Jump to content

Questions on Whole Brain Radiation


karlakay

Recommended Posts

Last night, we learned that my husband's lung cancer had metasisized to his brain. The doctor this morning gave us the option of whole brain radiation and said they have pretty good success with it. Any information anyone has would be greatly appreciated.

He is experiencing bouts of confusion and extreme sleepiness.

Link to comment
Share on other sites

My husband had WBR about one year ago. Studies indicate that it greatly decreases the risk of future brain mets. As mentioned, we are one year out with no recurrence.

The treatment was rather difficult, but manageable. From about the middle of the treatments onward, he had very significant fatigue. There are also ore superficial effects, such as hair loss, ear and scalp burns (like a sunburn), and some miscellaneous effects such as fluid buildup in the inner ears.

One thing to understand about WBR is that it can take several months to recover from. My husband's neurological status (appetite, sensory perceptions, energy) became markedly worse 2 months after treatment ended before it began to improve. He still has minor memory issues.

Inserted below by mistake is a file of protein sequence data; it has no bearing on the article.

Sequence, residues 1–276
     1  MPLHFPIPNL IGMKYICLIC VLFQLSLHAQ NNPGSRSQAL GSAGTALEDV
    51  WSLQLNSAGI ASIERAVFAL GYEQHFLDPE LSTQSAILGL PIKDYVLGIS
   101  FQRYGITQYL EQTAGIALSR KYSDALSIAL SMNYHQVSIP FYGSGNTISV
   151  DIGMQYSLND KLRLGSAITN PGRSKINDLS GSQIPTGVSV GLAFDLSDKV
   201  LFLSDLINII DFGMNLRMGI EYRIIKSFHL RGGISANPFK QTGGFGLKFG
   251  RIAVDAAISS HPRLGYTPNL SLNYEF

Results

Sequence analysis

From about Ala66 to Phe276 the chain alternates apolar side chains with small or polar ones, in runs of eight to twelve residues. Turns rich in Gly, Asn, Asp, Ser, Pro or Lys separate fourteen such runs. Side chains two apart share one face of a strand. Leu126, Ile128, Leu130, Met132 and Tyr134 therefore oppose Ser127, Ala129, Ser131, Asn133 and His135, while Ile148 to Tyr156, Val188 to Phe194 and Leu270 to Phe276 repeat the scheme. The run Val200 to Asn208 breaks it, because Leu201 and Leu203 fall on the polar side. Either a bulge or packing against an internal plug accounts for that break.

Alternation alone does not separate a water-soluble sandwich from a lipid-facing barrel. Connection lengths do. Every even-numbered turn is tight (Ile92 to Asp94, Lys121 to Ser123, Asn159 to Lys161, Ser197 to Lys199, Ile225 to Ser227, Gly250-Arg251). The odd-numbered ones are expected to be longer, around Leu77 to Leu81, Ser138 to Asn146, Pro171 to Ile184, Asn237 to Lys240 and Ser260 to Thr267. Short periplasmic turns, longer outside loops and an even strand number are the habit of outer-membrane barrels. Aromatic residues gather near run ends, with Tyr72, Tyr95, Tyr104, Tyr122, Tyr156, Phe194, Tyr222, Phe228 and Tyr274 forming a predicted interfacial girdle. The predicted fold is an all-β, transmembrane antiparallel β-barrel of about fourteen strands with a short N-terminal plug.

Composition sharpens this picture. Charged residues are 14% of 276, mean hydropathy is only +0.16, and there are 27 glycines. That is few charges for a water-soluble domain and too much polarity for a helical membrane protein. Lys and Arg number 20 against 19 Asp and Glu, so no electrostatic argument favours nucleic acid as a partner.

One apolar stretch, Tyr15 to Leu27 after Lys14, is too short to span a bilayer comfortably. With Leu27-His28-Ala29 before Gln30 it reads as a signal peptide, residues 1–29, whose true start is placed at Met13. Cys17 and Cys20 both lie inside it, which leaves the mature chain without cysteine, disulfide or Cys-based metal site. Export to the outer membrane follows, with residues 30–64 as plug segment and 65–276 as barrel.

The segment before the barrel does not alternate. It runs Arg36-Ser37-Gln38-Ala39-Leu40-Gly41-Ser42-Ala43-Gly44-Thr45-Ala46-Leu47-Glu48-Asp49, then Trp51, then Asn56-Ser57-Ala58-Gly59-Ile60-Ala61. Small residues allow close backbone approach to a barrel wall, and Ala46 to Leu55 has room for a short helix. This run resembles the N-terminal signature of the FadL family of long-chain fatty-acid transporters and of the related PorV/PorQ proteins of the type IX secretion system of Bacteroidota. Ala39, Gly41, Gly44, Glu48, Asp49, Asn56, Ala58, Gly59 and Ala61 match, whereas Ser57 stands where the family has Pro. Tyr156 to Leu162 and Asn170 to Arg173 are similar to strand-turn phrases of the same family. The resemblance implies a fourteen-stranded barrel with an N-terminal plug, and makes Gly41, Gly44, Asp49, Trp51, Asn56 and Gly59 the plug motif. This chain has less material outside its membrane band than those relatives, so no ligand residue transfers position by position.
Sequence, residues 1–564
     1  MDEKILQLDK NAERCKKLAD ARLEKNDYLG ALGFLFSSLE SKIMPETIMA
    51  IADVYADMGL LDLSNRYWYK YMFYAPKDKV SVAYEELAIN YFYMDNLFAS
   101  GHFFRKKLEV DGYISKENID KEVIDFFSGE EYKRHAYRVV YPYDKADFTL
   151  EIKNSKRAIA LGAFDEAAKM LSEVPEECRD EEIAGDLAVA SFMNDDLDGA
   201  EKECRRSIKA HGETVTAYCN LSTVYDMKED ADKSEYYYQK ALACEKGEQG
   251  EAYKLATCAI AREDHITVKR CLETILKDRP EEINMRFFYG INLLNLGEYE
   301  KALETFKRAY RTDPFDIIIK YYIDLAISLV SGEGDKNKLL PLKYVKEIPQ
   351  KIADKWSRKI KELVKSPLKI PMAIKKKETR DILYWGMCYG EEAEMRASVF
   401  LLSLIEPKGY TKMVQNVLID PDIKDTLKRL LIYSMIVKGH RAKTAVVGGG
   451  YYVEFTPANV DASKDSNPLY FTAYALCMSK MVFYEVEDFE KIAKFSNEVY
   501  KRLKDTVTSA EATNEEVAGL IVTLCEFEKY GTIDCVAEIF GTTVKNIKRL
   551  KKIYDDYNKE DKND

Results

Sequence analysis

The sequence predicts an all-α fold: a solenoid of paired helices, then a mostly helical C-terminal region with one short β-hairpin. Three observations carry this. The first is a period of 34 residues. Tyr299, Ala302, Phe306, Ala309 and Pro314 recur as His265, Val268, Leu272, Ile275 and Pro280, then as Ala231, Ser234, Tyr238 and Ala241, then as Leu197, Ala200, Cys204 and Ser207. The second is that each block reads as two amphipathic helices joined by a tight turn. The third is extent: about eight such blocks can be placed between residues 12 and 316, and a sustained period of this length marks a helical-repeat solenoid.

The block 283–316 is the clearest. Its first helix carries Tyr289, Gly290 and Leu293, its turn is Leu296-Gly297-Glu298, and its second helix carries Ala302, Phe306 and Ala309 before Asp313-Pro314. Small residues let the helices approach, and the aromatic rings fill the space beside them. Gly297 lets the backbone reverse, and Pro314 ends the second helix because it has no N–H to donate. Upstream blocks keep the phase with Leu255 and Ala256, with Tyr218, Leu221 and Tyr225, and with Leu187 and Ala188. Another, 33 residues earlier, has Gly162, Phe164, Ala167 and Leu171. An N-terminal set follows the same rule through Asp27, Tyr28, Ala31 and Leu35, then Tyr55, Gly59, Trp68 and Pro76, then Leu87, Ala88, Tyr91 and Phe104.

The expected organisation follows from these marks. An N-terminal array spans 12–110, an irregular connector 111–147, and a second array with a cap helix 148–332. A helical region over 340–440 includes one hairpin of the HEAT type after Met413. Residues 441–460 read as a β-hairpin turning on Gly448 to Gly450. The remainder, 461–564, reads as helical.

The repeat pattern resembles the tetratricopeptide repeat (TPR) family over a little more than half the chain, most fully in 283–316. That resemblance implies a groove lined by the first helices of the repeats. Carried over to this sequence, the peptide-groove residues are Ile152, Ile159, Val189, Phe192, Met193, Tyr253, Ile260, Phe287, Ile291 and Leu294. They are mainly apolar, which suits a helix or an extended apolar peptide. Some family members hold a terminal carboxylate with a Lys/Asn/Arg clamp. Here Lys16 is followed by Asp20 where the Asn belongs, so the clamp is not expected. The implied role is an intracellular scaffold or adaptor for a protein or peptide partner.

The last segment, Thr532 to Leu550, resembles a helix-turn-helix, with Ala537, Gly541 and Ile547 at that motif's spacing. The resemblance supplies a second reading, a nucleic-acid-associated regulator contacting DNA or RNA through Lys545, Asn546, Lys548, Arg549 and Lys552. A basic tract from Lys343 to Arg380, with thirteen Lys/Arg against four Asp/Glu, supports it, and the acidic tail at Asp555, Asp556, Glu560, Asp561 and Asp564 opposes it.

I still occasionally debate inwardly whether it was worth doing, and the answer I always come to is that it was. The negative impact it has had is minor in relation to the fact that he has not had any new brain mets.

Hope this helps.

Link to comment
Share on other sites

My husband had 20 WBR treatments which were completed June 27, 2007. He has had a recent MRI and the tumor (which was in his midbrain/inoperable)was completely gone, and he has had no recurrence.

The fatigue set in after a few weeks. The radiation oncologist suggested he shave off his hair (He did that at the barber's.) anticipating the eventual loss of it in clumps on the pillow or the shower). The doctor told him that it would come out a few weeks into the treatment.

His hair grew back, but not as it was before the radiation treatments. His short-term memory is a bit impaired, but he is not at all disabled. Many times, he remembers after a few minutes. It mostly occurs when he is under stress (for example, at the doctor's office).